In the studies mentioned above, it was revealed that professionalism of the medical interpreter is greatly associated with the extensive hours of training, rather the years of experience. This shed light on the importance of having more effective training programs around the world, under the supervision of professional interpreters. By doing so, people can expect having professional interpreters in the hospitals, providing patients with fast and accurate interpretation. This also forces hospitals to give greater attention to who they are hiring as a medical interpreter (Abrue et al,
The case of Lia Lee can be used holistically to showcase the negative effects which a culture and language barrier can produce between doctor and patient. It can reveal how communication and cultural sensitivity can aid in medical practice. Nevertheless, Lia’s case also shows the need for doctors and healthcare practitioners to learn more of about a culture so that treatment may be administered smoothly and without complete comprehension of the patient and their
This paper will explain the seven principles of patient-clinician communication. It will then apply three of those principles to my interactions with my patients. Next, it will describe three methods being used in my area of practice to improved communication between the patients and clinicians. It will ultimately choose one of those principles that applies best to my practice and clearly describe how I use it. It will describe ethical principles that can be applied to issues with patient-clinician communication.
Regarding effective communication, “good interpretation and good translation go a long way toward solving cross-cultural communication problems and language barriers in health care” (Dreachslin, Gilbert & Malone, 2013, p. 289). These services, through interpreters or voice-assisted devices, provide better opportunities to blend cultures and understand the tradition and beliefs of diverse populations. These two topics were just samplings of the information discussed, but they stuck out to me on a personal level, while pushing me to promote cultural competence and understanding beyond this course in all my future workplace
When it comes to a patient that does not speak English the first thing we have to do is find someone capable and a professional to translate, complying with all the HIPAA regulations are being taken care of and not violated. Whether it is a live person, over the phone service or if available online. We cannot ask a family member to serve as a translator because we might break the patient confidentiality if the patient does not want anybody knowing his diagnosis and the procedures being done to them. With a deaf patient first we have to find out what is the best way to communicate with the patient if by reading lips always face them forward so they can read our lips, speaking clearly so they can understand a little better what we are trying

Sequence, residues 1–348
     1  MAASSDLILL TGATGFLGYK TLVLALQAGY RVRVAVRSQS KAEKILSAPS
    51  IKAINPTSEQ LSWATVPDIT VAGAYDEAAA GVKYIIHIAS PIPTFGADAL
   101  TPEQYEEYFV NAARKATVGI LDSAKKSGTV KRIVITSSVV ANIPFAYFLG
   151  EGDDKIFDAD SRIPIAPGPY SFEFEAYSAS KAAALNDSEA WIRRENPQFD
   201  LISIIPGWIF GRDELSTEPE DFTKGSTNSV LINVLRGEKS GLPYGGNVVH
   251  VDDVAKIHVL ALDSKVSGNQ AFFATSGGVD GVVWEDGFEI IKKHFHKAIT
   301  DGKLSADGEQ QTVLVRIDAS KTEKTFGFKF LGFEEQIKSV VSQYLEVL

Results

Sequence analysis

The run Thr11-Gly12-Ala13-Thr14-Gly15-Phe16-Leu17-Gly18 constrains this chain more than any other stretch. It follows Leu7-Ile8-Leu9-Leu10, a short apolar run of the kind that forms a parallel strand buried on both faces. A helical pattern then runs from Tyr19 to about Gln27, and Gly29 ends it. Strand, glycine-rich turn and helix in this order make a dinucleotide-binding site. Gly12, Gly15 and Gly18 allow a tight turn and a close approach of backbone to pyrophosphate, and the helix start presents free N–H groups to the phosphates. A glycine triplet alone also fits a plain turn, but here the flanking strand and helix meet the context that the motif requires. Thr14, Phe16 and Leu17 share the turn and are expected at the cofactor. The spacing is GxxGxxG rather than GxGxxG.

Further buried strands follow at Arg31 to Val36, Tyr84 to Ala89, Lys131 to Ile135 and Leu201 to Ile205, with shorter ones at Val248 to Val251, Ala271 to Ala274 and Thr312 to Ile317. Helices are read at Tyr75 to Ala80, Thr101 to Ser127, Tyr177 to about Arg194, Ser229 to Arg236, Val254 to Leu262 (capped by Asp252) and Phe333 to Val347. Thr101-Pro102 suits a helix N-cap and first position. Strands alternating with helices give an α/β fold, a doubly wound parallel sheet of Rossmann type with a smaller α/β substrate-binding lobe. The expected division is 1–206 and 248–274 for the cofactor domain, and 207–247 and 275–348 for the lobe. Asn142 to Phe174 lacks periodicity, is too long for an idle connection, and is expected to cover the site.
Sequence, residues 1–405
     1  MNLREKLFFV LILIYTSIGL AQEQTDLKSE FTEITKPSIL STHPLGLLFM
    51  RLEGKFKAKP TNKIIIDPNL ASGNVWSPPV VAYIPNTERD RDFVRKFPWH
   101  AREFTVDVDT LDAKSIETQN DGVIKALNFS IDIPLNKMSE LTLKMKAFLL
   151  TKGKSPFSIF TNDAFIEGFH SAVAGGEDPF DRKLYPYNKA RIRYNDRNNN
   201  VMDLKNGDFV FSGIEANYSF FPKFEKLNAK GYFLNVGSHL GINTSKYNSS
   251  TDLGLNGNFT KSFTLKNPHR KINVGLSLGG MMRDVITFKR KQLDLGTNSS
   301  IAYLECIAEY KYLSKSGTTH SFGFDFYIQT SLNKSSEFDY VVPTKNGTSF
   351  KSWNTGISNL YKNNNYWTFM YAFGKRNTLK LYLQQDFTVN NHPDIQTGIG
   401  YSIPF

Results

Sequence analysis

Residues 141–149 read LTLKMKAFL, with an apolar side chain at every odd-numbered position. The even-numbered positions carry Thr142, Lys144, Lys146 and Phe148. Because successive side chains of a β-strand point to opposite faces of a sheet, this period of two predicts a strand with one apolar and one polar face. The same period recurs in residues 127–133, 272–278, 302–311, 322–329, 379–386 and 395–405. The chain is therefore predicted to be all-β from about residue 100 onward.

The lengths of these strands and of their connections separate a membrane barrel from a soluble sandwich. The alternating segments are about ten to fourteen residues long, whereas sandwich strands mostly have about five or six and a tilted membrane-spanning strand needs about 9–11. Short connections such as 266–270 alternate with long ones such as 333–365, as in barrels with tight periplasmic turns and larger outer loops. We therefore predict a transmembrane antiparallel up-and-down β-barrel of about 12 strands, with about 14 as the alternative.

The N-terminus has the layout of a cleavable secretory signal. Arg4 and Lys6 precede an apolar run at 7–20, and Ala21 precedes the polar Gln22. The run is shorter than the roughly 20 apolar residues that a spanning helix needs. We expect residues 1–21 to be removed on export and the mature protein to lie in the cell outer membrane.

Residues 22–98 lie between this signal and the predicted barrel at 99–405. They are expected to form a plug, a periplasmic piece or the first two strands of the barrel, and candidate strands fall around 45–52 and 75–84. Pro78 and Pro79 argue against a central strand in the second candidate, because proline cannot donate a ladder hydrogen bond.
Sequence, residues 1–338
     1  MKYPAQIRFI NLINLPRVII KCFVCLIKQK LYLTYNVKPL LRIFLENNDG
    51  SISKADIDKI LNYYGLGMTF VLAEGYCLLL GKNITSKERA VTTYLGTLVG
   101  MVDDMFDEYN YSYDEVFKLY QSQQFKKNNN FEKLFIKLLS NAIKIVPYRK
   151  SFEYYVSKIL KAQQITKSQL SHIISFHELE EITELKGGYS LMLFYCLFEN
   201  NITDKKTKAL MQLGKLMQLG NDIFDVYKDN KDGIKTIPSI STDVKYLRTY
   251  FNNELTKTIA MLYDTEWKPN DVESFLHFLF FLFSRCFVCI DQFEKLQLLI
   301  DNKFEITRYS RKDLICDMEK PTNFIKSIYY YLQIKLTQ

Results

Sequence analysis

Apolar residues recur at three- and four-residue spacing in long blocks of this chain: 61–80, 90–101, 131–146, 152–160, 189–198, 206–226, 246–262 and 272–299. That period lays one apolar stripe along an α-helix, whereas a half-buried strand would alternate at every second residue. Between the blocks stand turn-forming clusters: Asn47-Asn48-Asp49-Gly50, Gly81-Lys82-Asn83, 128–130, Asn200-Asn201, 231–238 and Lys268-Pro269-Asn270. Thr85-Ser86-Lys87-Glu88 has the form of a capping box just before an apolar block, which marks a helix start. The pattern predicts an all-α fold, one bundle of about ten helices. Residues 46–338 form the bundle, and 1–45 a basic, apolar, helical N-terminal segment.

She must understand the doctor's instructions and the patient's concerns. Her communications skills focus on both giving and receiving information as well as creating an environment of confidence. Some consequences of ineffective communication can be chaos, confusion, disorder, fear, conflict, inefficient systems, and wasted resources (Vertino, 2014). An ineffective communication can lead to errors in patient’s misdiagnosis and even medication on admission, during hospital stay, and after discharge, and whether these errors were potentially harmful.
The mnemonic SOLER is used to remind healthcare professionals that how to that Reducing proximity, maintaining eye contact and using open postures can show they are listening and concentration on what is being said, and making the speaker feel more comfortable (KRASEZWSKI & McEWEN 2010). Active listening often involves using paraphrasing, summarising verbally what a patient has said to ensure a mutual understanding of the messages send by the patient to the healthcare professional (WALKER 1990). However paraphrasing too often can suggest the healthcare professional finds the words the interviewee uses unacceptable, causing frustration (MOSS 2012). In an evaluation of my strengths, weaknesses, opportunities and threats I highlighted my understanding and use of paraphrasing and active listening as strengths and facial expressions, gestures and touch as weaknesses (Appendix 1). I created an action plan to develop my understanding and use of touch in practice (Appendix